And Thus Ends Two Years of Passive Sobriety

by Noise Pollution

So, I went out last night. Like, actually out. With people.

I know, right?

I spent the day volunteering yesterday. I was running a booth to raise money for a specific charity that I am very close to. We actually had two groups; the group I was in was running a booth at one location, while another group was running a booth at an entirely different festival altogether. It was a positive experience, and afterwards our two groups met up and went out. Not this this was a large gathering. Each group actually only consisted of two people.

I had my first drink in two years last night. It was alright. I actually made an attempt to go a little overboard, but didn’t quite make it there. As it turns out, drinking is far more expensive at bars and restaurants than it is when you and your underage buddies all go in on a couple of bottles of Captain to drink secretly in somebody’s basement. So after spending about thirty bucks I decided it wasn’t worth it to go any further. And as I said earlier, it was alright! I didn’t get particularly drunk, as far as I could tell, but I was looser, less nervous, and felt a sense of clarity that I hadn’t felt in a while.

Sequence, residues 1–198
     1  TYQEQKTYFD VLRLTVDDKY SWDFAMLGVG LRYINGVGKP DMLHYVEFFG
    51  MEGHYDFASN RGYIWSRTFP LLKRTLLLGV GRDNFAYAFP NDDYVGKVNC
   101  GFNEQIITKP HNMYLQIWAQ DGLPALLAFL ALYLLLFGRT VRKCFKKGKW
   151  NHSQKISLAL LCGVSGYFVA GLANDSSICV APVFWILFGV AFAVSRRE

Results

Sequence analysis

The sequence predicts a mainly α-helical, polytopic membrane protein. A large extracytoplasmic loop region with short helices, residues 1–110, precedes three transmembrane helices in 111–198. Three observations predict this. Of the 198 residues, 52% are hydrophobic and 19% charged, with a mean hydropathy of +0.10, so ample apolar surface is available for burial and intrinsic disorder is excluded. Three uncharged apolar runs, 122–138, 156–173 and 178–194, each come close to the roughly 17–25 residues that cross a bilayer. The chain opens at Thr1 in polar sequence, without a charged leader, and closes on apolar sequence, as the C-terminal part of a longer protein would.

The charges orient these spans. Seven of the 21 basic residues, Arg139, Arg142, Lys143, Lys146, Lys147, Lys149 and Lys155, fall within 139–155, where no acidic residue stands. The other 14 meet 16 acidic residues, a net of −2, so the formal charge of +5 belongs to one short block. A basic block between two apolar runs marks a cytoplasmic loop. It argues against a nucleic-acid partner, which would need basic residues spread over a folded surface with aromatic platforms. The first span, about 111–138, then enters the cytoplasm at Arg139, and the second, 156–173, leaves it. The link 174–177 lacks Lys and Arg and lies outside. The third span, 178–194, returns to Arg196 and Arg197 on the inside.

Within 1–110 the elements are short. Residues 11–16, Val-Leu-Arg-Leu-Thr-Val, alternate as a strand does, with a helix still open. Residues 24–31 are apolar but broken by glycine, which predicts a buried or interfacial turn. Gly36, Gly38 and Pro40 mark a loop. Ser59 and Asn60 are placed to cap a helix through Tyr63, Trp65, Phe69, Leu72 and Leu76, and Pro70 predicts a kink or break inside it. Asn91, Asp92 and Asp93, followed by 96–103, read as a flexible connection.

I mean, I was probably drunker than I thought I was, but at the same time, I’m a big guy and had a respectable tolerance for alcohol even before I put on this weight. It’s reasonable to think that I wouldn’t be able to go overboard without spending more money than I was comfortable spending. Anyways, I had legitimate conversations, made jokes that I would have probably not made sober, smoked probably close to an entire pack of cigarettes, and felt calm about all of it. It was nice. The hangover was mild, too, though I haven’t had a hangover in years so I haven’t been handling it very well.

I feel okay about this. It was nice to go out. It was nice to volunteer, too, obviously, but I’m not quite as distant from the concept of volunteering as I have been from the idea of going out as of late, so the going out had a stronger impact on me.

[Editor’s Note: What I mean by the term “passive sobriety” used in the title is that my sobriety wasn’t out of any dedication to the idea of being sober; it was more out of the fact that few opportunities to break it had come up, and the few that did seemed to take more effort than it was worth going through. Just some context, if you were worried that I’m, like, slipping, or something. I’m not.]